' ' Cinema Romantico: The Trial of the Chicago 7

Monday, November 23, 2020

The Trial of the Chicago 7

It makes sense that Netflix’s dramatization of seven prominent counterculture members (and Black Panther Bobby Seale) being tried for inciting a riot at the 1968 Democratic National Convention would be both written and directed by Aaron Sorkin. After all, Sorkin wrote the screenplay for “A Few Good Men” and “The Social Network”, the former turning on a military trial and the latter pivoting off two depositions.  If “A Few Good Men”, however, proffered a garden variety argument about right and wrong, it was also a true crackerjack entertainment, so eminently watchable it seems to be running on cable TV 24-7 while “The Social Network” stood out by lingering in moral grey areas. In “The Trial of The Chicago 7”, on the other hand, both written and directed by Sorkin, his patented monologues, pithy conversations and bleeding heart take all the piss out of the true story. There is nothing wrong, of course, with utilizing the medium of the flickering myth to reimagine truth. But rather than rendering a counter myth, a la Oliver Stone’s “JFK”, Sorkin is essentially transforming the Chicago 7 into his own mouthpiece, subsuming their radical politics in the name of something superficial. 

“The Trial of The Chicago 7” opens with a whoosh by bringing its myriad players onto the stage at once in advance of their anti-war demonstrations in Chicago at the DNC. Rather, however, than cutting straight to the riots, which once unveiled are rendered in too stagy a manner, isolating individual moments, to convey the true power of the mob, Sorkin flashes forward to the trial’s beginning before flashing back to the various events resulting in the court case. Though members of the 7, especially Abbie Hoffman (Sacha Baron Cohen), sought to create a courtroom spectacle, and though Sorkin’s dialogue demonstrates sympathy with the defendants, his taste proves more in line with the horn-rimmed glasses and conservatism of the prosecutor, Richard Schultz (Joseph Gordon-Levitt). 

Spielbergian soft light pouring through the windows gives the proceedings a ring of stateliness that unintentionally dulls the flower power, the latter further compromised in the movie’s penchant for awards-beckoning close-ups and swelling orchestral music rather than subversive pop hits of era, a quaint aesthetic that feels more true to a John Grisham adaptation than how a fellow beatnik like, say, the late Hal Ashby might have conveyed this material. If only. The actors portraying the 7, in addition to Mark Rylance as their attorney William Kunstler, are uniformly sound in so much as they ably embody the distinct trait afforded them in the screenplay. But no actor manages, or is allowed the necessary room to, sculpt a true character, innately evoking the grounds for that trait.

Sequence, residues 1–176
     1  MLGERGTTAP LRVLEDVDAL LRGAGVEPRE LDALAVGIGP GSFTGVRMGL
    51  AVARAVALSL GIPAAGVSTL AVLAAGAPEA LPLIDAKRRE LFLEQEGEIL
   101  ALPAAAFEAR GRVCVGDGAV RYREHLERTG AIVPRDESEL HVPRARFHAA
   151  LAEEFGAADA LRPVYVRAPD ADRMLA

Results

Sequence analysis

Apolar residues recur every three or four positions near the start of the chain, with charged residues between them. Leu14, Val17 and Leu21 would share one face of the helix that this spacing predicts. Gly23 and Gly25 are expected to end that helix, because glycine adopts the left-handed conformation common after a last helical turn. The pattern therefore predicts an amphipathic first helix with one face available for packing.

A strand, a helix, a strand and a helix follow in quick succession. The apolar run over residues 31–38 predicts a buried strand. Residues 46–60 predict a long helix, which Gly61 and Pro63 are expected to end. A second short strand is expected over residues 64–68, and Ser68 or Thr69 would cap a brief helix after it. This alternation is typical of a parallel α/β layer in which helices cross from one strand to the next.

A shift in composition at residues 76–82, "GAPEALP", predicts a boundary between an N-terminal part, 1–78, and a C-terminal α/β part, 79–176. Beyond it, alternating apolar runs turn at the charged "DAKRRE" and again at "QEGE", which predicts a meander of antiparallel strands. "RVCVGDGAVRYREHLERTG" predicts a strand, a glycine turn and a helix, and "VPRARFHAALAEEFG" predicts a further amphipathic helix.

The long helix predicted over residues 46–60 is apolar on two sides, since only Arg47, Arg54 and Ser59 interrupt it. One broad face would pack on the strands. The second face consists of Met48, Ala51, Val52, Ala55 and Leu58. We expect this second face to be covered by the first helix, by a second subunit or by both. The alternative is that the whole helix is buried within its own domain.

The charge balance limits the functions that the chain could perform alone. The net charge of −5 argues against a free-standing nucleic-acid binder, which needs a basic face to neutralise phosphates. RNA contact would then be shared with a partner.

Presiding Judge Julius Hoffman, meanwhile, may well have been a single dimensional real-life life person but as played by Frank Langella in low-angled shots looking up at him smug and self-impressed in doling out count after count of contempt of court he comes across less like a hanging judge than a version of his reactionary White House Chief of Staff from “Dave.” In the moment when Hoffman, orders Black Panther Bobby Seale (Yahya Abdul-Mateen II), in Chicago for entirely different reasons that day and without a lawyer of his own, beaten and then gagged, “The Trial of the Chicago 7” briefly threatens to ignite. History, alas, dictates that Seal then be removed from the proceedings, emblematic not so much of how he tracked a different line than his fellow defendants than how his incendiary Black Panther politics are simply too much for a two-dimensional portrayal of good & evil to contain.

Ultimately the real drama is found in the relationship between the 7’s most most prominent members: Tom Hayden (Eddie Redmayne) and Abbie Hoffman. Hayden, founder of the Students for Democratic Society and co-author of the Port Huron Statement, treats the legal proceedings with respect in hopes of currying a fair trial while Hoffman, colorful founder of the Yippies, transforms the trial into a mockery by way of making it into a show. Unlike “The Social Network, however, which turned in part on the distinct push and pull between Eduardo Saverin’s rose-colored viewpoint and the ruthlessness of Mark Zuckerberg, Hayden and Hoffman do not escalate their dramatic back and forth so much as find a middle ground, pledging belief in a system they ostensibly are antagonizing, oddly, insultingly reducing the legacy of the Chicago 7 to compromised mush. 

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